After 37 years and close to 9,000 episodes, the end is near for the Australian daytime soap Neighbours. The time has come to ponder its legacy and reminisce. I’m sure there are superfans out there who’ve followed the show from its beginning in 1985, but there are probably many more of us who did watch Neighbours for some time, enjoyed it, and then moved on for one reason or the other. This is my personal recollection of a TV series that’s had a remarkably nostalgic impact on me.
The clip above shows the opening titles of Neighbours from the period when I was watching the show. I’m not sure when I first got hooked and when I saw my last episode, but let’s say it was between 1987 and 1993. I grew up in a similar neighborhood, albeit in Sweden, so Neighbours felt like home to me. One of my closest friends lived in a house on my street; there was a connection and familiarity with other neighbors. I have many happy memories from this period of my life and Neighbours fit right in. This was a time in my teens when I was discovering classic American shows from the 1980s, but there was something comforting and enjoyable about spending 20 minutes a day with a few families in an Australian cul-de-sac.
Neighbours was created by Reg Watson, a TV executive who was inspired by the British soap Coronation Street and wanted to see something that depicted teenagers in a realistic way. Introducing several middle-class families who lived on Ramsay Street in Erinsborough, a fictional suburb of Melbourne, the series became a hit among younger audiences and has stayed true to its original idea throughout the decades; many young actors got their break on Neighbours.
In fact, part of the reason why the show is globally known even in countries that don’t air it is because of how many superstars it has spawned. This was the place where Kylie Minogue and Jason Donovan began their careers (their characters’ wedding on the show was a big deal in the late 1980s, watched by a huge audience in Australia and Britain). Ben Mendelsohn showed up in 1986, Russell Crowe in 1987 and Liam Hemsworth in 2007. Margot Robbie and Guy Pearce had three-year runs on Neighbours while Natalie Imbruglia spent two years on Ramsay Street.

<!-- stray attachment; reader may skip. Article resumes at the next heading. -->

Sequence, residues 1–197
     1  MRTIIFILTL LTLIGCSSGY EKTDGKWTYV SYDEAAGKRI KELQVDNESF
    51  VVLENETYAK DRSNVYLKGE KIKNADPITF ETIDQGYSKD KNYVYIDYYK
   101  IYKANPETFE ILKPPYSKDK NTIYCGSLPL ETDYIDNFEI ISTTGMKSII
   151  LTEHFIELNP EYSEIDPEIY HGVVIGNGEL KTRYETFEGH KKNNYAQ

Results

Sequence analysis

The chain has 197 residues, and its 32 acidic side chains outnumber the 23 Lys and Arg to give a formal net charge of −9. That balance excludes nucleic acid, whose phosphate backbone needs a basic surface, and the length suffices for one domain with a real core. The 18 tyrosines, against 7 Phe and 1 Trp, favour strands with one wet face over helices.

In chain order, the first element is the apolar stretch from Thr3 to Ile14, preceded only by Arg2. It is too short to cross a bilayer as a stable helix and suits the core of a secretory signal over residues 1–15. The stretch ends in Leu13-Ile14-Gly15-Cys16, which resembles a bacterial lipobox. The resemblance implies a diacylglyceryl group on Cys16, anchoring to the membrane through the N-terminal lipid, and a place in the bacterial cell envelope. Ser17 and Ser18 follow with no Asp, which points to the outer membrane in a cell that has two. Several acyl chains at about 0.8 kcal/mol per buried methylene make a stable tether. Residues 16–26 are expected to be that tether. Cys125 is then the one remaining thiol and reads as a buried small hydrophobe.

37 years is a very long time. For instance, when I stopped watching Neighbours, the Kennedy family had yet to be introduced on Ramsay Street. They are still there, almost 30 years later, including Karl and Susan, played by Alan Fletcher and Jackie Woodburne. Real Neighbours veterans, and yet I have no relationship whatsoever to these characters.
— Alan Dale (@RealAlanDale) April 27, 2018
The people I do remember and will forever see as Ramsay Street neighbors are the Robinsons, especially Paul (Stefan Dennis) who evolved into somewhat of a bad guy on the show. Dennis was there from the beginning, but quit Neighbours in 1993. Later on, he would describe it as bad decision and returned in 2004, a fixture on Ramsay Street ever since. Alan Dale played his father Jim who also left the show in 1993, his character killed off in a heart attack (a scene I remember as quite shocking). Dale subsequently opened up about his negative relationship with the production company, but did reunite with Dennis in 2018 and 2019 for brief appearances on Neighbours. And he had a successful Hollywood career afterwards, especially in television.
Other characters and actors who stood out during these years were Anne Haddy as the matriarch Helen Daniels. Suffering from many real-life health problems, Haddy once said that she would like to have had her funeral screened as part of the series. Over the years, Helen had her own difficulties, suffering a debilitating stroke. After 12 years on the show, Haddy retired from acting in 1997. The death of Helen was a genuinely emotional event.
On a lighter note, two of the most entertaining characters were Madge and Harold. Part of the fun was how different they were; Madge (Anne Charleston) was a fiery waitress with a sense of humor while Harold (Ian Smith) was a decidedly more stuffy and conservative man. Somehow, they fell in love and so did audiences; Charleston and Smith spent many years on the show. Adding to the fun was Lou Carpenter (Tom Oliver), one of the most enduring characters on the show, who was initially introduced as a rival for Madge’s affection; over the years, he and Harold became unlikely friends. In the clip above, Charleston and Smith reunited on Australian TV in February this year.
Neighbours survived decade after decade thanks to a loyal fan base and reliable funding from both British and Australian TV. In the end, there wasn’t enough of an audience or willingness from Britain’s Channel 5 to pay for Neighbours, which is why it was canceled. Who knows, maybe there will be a comeback some time in the future, but daytime soaps are in decline, generally speaking. What we do have, we who get sucked into one of these ”never-ending” endeavors, is nostalgia. For me, I guess the ten-year anniversary in the clip above sums up my years with Neighbours, intimately connected to memories of growing up with my family.